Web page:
We will also see the great, national spiritual awakening for which so many long, for the promise of a national healing in II Chronicles 7:14 begins with the condition, If My people, who are called by My name, will humble themselves and pray . . ..

This article was derived in part from Dr. Eddie Hyatt's latest book, 1726: The Year that Defined America, available from Amazon and his website at www.eddiehyatt.com. He is also the founder of the "1726 Project" that is dedicated to helping America reconnect with her Christian roots in Spiritual Awakening.



We are not the first people to have to deal with a deadly pandemic. The Black Death killed millions in 14th century Europe, and Martin Luther had to face a deadly pandemic in the 16th century.

When the Bubonic Plague came to Luther’s hometown of Wittenberg in August of 1527, he responded with faith and some of the same procedures being implemented today to combat the coronavirus. These included social distancing, prayer, and medical treatment.
The plague was spread by fleas, carried by rodents. The infected fleas passed it to humans who passed it through the air and by contact. It was a nasty disease with symptoms of fever, speech disorders, large boils that infected the bloodstream and loss of consciousness. A healthy individual could die within 10 days or less after contracting the disease.
Many panicked and departed Wittenberg to escape the plague. Luther and his wife, Katie, chose to remain and minister to the sick. He did not condemn those who left but stated that no one should leave his sick neighbor unless there was someone to care for them in their stead. He said, “In such cases we must respect the word of Christ, I was sick and you did not visit me …” (Matt. 25:41–46).
Luther’s approach was one of fearless faith, compassion for the sick, and good common sense. On their decision to remain and minister to the sick, he wrote,
Therefore I shall ask God mercifully to protect us. Then I shall fumigate, help purify the air, administer medicine, and take it. I shall avoid places and persons where my presence is not needed in order not to become contaminated and thus perchance infect and pollute others, and so cause their death as a result of my negligence. If God should wish to take me, he will surely find me and I have done what he has expected of me and so I am not responsible for either my own death or the death of others. If my neighbor needs me, however, I shall not avoid place or person but will go freely, as stated above. See, this is such a God-fearing faith because it is neither brash nor foolhardy and does not tempt God (Luther’s Works, v. 43, p. 132).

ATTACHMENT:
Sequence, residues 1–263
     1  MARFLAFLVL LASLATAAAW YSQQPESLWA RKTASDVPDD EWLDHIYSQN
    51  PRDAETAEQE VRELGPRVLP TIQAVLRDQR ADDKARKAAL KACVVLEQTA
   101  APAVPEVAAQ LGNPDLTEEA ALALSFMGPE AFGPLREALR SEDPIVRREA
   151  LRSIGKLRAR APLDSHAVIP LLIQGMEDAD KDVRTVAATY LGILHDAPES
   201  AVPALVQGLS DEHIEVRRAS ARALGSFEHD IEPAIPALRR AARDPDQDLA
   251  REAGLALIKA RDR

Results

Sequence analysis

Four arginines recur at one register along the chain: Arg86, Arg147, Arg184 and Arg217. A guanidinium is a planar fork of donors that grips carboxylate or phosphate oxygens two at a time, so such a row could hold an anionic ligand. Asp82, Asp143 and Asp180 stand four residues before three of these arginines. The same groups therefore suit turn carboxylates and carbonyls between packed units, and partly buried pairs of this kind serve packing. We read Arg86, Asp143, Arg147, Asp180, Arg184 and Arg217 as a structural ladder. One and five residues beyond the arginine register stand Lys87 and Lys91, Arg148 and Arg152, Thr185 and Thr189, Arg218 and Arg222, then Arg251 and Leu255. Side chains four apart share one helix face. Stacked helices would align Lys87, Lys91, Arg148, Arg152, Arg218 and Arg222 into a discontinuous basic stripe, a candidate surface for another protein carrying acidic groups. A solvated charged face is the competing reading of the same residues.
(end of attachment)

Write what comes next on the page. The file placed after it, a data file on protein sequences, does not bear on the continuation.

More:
Even though their medical knowledge and treatments were simple, their faith was deep and strong. Neither Luther nor Katie contracted the disease and 3 months later, the plague was over.
We should follow Luther’s example by heeding the advice of the medical professionals and our government officials. Like Luther, we should give no place to fear. Our faith in God should be a shining light in this moment of darkness. We must also pray fervently, as Jesus taught in the Lord’s prayer, that we will be delivered from this coronavirus evil (Matt. 6:13).
The Bubonic Plague passed away and Luther had many more years of fruitful service. In the same way, this coronavirus pandemic will pass and I expect to see, in the days ahead, greater displays of God’s grace and goodness than we have ever seen before.
Dr. Eddie Hyatt is the author of numerous books, including his latest, 1726: The Year that Defined America, which documents how the Great Awakening had a direct bearing on the founding of Ameica and the abolishing of slavery on this contienent. You can read about his vision for America and the world at www.eddiehyatt.com